Livestock guardian dogs to protect threatened species and restore habitat
Project Leaders: Chris Johnson, Michael Magrath
Research in Brief
Livestock guardian dogs (LGDs) are conventionally used to protect livestock such as sheep from wild predators, such as foxes. We have shown that LGDs accomplish
this by partially excluding foxes from LGD territories, and by suppressing the hunting behaviour of foxes. LGDs also reduce the local activity of over-abundant
wild herbivores such as deer and kangaroos.
This project will test the value of these effects of LGDs on predators and herbivores to: 1) protect vulnerable native species from invasive
predators; and 2) increase the success of ecological restoration by preventing the over-browsing of regenerating plant communities.
Why is the research needed?
This project addresses the following two conservation problems:
Maremma with GPS tracking collar. Photo: Linda van Bommel
- Protection of native fauna from invasive predators in open landscapes.Australian conservation managers have demonstrated success in
protecting wildlife by establishing predator-free havens (fenced reserves, or offshore islands). However, we have mostly been unable to sustain
populations of predator-susceptible species in the vast areas outside those havens where removal of predators is not feasible.This means that populations
of many threatened species remain small and restricted, and their ecological functions are lost from most of our landscapes.
- Cost and effectiveness of habitat restoration in the presence of wild large herbivores. Ecological restoration, in the form of revegetation
of degraded lands, is becoming increasingly important in re-connecting fragmented landscapes, recovering threatened plant species and communities,
and furnishing habitat for threatened animal species. However, it is often frustrated by over-browsing by large herbivores, whether native (e.g.,
kangaroos) or invasive (e.g., deer). Control of browsing by these animals is difficult and expensive, and may raise concerns over animal welfare.
The problem is most severe in places where natural control of herbivore populations by predation (from dingoes) has been lost, and is worsening
as a result of growing deer populations.
How can the research help?
We will use experiments to test how deployment of LGDs affects the activity of invasive predators and large herbivores, and to evaluate the cascading
effects of LGDs on animal populations and plant communities threatened by those predators and herbivores.
By measuring the magnitude of these effects of LGDs at landscape scale and in relevant land-use contexts, the project will demonstrate the practical feasibility
of using LGDs to support conservation of threatened species and habitats.
The ultimate benefit of the project (if it is successful) will be in providing a new strategy for protection of species and habitats against key threats,
that can be integrated with other land uses in production landscapes as well as deployed on conservation lands, and applied at low cost by private landholders.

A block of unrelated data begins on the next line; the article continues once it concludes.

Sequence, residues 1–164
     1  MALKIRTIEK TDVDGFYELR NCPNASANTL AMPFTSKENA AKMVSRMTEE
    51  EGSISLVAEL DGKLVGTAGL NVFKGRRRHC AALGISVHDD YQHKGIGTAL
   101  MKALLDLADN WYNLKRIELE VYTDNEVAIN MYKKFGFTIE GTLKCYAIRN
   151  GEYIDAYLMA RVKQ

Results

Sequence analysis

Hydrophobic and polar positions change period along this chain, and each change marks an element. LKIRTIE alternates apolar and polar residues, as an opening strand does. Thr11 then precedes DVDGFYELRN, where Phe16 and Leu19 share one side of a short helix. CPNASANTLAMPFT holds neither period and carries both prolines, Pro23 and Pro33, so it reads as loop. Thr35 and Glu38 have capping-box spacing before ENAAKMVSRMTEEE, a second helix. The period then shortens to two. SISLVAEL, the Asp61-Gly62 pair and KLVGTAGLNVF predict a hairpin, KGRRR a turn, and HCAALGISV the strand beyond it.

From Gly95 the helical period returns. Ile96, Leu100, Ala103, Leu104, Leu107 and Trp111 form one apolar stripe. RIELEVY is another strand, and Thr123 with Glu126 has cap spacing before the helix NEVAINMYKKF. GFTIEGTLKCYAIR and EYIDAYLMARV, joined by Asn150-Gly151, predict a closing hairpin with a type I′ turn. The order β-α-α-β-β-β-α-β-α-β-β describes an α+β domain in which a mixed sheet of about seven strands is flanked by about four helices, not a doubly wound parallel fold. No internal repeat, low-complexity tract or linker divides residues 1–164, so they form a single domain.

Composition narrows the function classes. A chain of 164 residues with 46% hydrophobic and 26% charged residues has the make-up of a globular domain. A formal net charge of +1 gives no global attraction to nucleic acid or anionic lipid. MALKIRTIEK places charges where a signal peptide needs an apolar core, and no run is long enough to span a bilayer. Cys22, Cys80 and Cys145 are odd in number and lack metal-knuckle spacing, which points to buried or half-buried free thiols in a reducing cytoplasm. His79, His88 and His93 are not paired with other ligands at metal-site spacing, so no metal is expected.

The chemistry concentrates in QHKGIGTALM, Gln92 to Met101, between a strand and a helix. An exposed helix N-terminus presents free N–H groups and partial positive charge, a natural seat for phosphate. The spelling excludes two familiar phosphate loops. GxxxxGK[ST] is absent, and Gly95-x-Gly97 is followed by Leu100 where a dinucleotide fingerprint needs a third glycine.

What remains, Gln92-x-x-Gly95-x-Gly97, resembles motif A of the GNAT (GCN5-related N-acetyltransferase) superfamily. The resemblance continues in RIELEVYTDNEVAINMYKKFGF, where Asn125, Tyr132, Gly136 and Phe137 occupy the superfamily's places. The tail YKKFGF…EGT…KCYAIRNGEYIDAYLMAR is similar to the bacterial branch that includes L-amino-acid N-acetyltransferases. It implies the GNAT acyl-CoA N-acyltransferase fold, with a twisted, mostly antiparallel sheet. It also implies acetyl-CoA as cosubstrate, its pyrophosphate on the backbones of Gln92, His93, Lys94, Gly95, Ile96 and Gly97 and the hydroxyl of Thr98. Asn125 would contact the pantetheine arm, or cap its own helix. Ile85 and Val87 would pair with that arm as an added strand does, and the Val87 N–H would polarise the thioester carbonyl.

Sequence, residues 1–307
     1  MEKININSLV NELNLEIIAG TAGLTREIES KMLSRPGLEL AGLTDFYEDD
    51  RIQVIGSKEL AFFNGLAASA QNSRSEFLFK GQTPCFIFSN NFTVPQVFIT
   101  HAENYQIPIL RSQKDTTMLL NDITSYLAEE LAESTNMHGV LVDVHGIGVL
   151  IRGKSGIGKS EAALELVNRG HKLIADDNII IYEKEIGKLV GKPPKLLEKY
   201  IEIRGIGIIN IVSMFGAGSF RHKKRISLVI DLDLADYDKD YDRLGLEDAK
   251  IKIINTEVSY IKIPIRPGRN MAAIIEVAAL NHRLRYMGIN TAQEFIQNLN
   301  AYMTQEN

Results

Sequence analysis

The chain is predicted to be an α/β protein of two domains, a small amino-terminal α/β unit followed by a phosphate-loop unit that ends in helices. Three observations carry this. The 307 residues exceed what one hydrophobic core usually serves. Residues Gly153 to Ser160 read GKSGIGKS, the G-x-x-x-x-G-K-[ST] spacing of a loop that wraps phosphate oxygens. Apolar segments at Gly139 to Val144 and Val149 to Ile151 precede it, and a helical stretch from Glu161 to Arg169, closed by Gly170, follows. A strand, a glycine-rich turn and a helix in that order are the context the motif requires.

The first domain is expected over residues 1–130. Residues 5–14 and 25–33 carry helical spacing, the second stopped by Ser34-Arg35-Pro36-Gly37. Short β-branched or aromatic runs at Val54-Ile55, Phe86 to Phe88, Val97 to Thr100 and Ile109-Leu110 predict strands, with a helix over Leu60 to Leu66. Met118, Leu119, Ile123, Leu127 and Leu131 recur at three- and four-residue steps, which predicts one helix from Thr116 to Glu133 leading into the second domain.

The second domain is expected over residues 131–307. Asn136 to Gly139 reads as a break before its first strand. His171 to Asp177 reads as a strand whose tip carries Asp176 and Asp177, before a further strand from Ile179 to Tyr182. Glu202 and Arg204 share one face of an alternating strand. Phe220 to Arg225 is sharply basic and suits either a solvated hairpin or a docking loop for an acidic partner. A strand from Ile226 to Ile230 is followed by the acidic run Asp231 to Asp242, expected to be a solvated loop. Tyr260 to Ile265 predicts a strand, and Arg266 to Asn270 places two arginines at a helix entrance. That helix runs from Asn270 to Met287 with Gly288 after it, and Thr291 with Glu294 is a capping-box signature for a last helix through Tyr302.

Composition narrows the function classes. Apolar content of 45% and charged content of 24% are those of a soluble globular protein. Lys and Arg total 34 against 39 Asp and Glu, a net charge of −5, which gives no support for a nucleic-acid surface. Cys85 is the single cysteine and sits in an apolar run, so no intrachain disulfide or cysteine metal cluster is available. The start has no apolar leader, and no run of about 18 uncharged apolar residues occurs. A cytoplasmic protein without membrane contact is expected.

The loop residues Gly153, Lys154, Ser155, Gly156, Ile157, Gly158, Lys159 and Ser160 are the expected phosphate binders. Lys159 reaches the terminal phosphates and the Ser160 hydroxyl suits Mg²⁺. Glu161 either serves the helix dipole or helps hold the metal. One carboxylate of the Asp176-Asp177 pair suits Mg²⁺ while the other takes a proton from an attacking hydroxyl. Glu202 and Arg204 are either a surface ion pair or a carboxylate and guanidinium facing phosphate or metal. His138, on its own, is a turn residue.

What research activities are being undertaken?
The project has begun with support from an ARC Linkage grant (2016-2018). We have set up three trial sites to investigate the effects of LGDs on foxes
and consequent survival of reintroduced eastern barred bandicoots. LGDs have been prepared for the project at a purpose-built facility managed by Zoos
Victoria. Pre-release monitoring is complete, and LGDs are now being deployed, with bandicoot releases to follow over the next 12 months. We will continue
this trial through 2019 and 2020, studying: behaviour of LGDs in relation to foxes and bandicoots; changes in activity, behaviour and space-use of foxes;
and changes to demography of bandicoots.
We will extend the project to include use of LGDs to manage herbivore pressure in habitat restorations trials planned by Nature Glenelg Trust (NGT) on
two of their recently acquired reserves in Victoria, and on private sheep farms near Canberra. NGT aims to restore the composition and function of grassland,
grassy woodland, riparian woodland and wetland habitat, including key functional groups of plant and animal species. Studies of LGDs will investigate their
effects on local movements, foraging behaviour and browsing impacts of eastern grey kangaroos and other potential overabundant herbivores such as deer,
and how vegetation responds to changes in herbivore abundance and behaviour. The work on Canberra farms will test the effect of LGDs on distribution and
local abundance of grey kangaroos in a predominantly farming landscape.
Eastern barred bandicoot. Photo: JJHarrison CC BY-SA 3.0 Wikimedia Commons
Who is involved?
The project is a collaboration between the University of Tasmania, Zoos Victoria and The University of Melbourne, with in-kind contributions from the
Nature Glenelg Trust, Dunkeld Pastoral Co, Tiverton Property Partners and National Trust Victoria.
Where is the research happening?
The project will use a series of trial sites in western Victoria, at Mooramong, Tiverton, Dunkeld, and two restoration reserves located north-east of
Dunkeld, the Walker Swamp Restoration Reserve and Long Point Restoration Reserve.
When is the research happening?
The project will run for three years from 2018 to 2020.
For more information please contact project leader:
Chris Johnson - email@example.com
Top image: Maremma accompanying sheep at the Mooramong trial site. Photo: Linda van Bommel